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Why is i20 = (Va-Vb)/20k, not Va/20k?

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    \$\begingroup\$ Given what you see there, what voltage should appear at the (-) input node of the opamp? (This isn't a hard question.) \$\endgroup\$
    – jonk
    May 5 at 0:03
  • \$\begingroup\$ Ask yourself what's the voltage drop across the 40 kOhm resistor? What do you know about the voltage between the + and - terminals of an op-amp with high gain and negative feedback? \$\endgroup\$
    – John D
    May 5 at 0:04
  • \$\begingroup\$ It might be misleading to see this i100 in the opposite direction of i20 because this is the inverting input and you assume no significant input current. So the output goes down with up in i20 so here i20= - i100 or if shown in the same direction are actually the same currents. But Vin+ is your null input reference so feedback forces Vin to follow Vin+=Vin- which are not 0V. \$\endgroup\$ May 5 at 0:25
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    \$\begingroup\$ @samlikesham Because the opamp OUTPUT is hooked backwards towards the (-) node and can PULL current. Nothing like that exists at the (+) input node. So it cannot happen. But it sure can happen at the (-) node. And the opamp will wiggle its OUTPUT in order to make sure that the (-) node is the same as the (+) node. Yes? \$\endgroup\$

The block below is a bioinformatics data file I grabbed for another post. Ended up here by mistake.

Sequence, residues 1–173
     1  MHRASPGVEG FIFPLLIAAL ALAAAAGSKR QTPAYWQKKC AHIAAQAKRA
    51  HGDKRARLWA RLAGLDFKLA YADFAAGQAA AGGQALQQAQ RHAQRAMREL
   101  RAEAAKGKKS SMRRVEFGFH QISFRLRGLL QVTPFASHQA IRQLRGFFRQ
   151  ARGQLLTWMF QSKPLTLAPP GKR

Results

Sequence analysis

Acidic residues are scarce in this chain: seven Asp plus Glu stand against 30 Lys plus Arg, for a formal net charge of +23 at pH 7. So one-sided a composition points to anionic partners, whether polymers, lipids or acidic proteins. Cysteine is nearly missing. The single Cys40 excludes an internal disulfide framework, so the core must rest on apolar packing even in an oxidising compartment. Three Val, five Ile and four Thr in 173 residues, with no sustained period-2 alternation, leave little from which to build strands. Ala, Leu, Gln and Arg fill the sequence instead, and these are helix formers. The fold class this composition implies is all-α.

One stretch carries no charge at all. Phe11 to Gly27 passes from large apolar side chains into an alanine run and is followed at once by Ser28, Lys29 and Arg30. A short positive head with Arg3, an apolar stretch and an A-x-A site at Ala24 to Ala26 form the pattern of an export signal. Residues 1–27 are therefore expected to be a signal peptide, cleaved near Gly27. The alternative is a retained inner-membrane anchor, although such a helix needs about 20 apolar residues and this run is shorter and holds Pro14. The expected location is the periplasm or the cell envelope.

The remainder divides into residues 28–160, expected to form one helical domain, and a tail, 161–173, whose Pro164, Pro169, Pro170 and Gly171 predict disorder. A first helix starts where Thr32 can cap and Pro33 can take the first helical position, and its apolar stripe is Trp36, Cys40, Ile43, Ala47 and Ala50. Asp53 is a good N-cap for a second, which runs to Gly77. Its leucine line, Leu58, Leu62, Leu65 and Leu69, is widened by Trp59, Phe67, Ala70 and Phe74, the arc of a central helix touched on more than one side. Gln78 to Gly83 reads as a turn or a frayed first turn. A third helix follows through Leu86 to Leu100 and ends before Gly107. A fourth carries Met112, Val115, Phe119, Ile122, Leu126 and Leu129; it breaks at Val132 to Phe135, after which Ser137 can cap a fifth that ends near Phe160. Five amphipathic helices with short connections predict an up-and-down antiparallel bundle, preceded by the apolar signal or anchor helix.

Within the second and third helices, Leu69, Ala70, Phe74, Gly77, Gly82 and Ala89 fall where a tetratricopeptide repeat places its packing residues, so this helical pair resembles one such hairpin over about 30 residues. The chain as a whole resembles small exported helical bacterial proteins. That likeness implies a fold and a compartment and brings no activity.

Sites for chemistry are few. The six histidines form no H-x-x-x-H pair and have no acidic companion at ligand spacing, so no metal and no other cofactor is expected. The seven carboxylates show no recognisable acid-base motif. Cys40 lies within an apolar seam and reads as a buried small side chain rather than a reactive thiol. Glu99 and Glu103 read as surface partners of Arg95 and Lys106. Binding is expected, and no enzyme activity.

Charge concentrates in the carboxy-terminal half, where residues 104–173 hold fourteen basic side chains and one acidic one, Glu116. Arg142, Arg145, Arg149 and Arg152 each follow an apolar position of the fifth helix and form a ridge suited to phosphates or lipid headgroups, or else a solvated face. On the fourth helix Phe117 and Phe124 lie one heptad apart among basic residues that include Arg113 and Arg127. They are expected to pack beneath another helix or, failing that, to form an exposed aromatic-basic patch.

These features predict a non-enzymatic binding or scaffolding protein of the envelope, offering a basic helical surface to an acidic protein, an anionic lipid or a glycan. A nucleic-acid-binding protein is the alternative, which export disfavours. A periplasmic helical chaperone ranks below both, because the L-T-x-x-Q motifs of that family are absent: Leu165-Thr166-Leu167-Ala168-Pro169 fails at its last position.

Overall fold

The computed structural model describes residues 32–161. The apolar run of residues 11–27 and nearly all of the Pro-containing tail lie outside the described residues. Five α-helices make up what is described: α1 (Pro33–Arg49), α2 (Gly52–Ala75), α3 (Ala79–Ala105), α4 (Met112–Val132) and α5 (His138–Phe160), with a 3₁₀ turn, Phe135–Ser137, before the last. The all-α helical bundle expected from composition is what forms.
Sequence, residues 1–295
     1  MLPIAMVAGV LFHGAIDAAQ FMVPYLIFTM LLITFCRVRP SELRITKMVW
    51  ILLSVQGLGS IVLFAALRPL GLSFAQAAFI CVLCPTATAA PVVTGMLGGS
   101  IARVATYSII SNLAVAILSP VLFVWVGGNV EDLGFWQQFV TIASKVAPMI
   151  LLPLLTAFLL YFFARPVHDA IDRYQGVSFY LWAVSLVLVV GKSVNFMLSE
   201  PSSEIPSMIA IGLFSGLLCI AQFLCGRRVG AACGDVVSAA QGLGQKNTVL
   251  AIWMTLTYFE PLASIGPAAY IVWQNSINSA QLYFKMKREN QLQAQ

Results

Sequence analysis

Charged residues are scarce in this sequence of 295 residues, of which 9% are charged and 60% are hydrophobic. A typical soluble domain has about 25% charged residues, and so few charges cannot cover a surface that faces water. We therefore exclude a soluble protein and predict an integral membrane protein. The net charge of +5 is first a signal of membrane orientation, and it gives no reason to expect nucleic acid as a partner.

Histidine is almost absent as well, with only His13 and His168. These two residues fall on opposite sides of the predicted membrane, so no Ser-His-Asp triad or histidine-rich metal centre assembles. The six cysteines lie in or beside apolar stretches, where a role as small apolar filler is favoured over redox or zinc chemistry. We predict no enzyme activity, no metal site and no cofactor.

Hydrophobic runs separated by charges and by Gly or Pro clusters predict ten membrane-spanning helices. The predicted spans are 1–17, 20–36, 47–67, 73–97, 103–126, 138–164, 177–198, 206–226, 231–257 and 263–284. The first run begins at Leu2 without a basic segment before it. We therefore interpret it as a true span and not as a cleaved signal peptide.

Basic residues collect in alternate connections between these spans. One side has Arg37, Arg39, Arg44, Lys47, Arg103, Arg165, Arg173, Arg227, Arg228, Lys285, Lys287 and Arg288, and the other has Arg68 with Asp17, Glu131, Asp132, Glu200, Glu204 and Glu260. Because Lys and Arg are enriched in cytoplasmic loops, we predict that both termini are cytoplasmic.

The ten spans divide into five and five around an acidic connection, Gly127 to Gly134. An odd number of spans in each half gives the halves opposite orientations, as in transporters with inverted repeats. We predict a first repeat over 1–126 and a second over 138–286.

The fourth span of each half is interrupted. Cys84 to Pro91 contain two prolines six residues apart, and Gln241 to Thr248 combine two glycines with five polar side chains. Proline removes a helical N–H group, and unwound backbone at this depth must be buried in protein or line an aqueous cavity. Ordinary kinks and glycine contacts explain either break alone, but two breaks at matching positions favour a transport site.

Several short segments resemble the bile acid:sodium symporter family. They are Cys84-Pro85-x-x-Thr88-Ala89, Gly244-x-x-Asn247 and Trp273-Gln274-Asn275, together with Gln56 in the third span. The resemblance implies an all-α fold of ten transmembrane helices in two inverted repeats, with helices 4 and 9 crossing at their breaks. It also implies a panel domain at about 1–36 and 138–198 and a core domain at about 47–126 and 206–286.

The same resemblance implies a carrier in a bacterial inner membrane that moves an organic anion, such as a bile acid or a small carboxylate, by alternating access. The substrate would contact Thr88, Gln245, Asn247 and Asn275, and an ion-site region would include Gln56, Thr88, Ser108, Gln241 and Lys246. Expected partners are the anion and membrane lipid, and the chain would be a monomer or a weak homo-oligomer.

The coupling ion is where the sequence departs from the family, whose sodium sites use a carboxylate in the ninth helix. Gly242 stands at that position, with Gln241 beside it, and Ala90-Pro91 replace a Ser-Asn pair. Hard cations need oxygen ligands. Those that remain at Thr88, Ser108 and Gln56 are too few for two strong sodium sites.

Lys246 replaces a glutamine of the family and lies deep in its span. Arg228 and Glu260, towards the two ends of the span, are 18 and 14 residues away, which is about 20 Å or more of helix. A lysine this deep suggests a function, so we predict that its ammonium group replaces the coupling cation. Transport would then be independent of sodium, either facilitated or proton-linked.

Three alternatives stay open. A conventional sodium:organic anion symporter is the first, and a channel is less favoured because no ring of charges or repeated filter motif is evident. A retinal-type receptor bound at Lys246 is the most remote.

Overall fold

– jonk
    May 5 at 1:24
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    \$\begingroup\$ @samlikesham Glad that helped. :) It's not so complicated once you grasp a few things and keep them in mind. \$\endgroup\$
    – jonk
    May 5 at 1:37

1 Answer 1


When an OpAmp is in equilibrium (ie: not in saturation) and in a negative feedback configuration, the + and - are practically the same. If we neglect the bias current for + and - it is fair to assume that vb = v+, is also = to v-.
So if the R20K sees va at one end and vb at the other end it is fair to mention that V(R20k) = va-vb,
since i20=V(R20k)/20K then the following is true: i20 = (va-vb)/20K.

It cannot be va/20k because v- is not zero, rather it is equal to vb
(See first postulate in phrase 1).
Of course, it would be true only if vb = zero

  • 1
    \$\begingroup\$ Note that your first statement is only true if the op amp is in a circuit with negative feedback and the output has not saturated...it is not true of op amps in general. \$\endgroup\$ May 5 at 9:36
  • 1
    \$\begingroup\$ Point well taken. I am editing my answer. \$\endgroup\$ May 5 at 13:15

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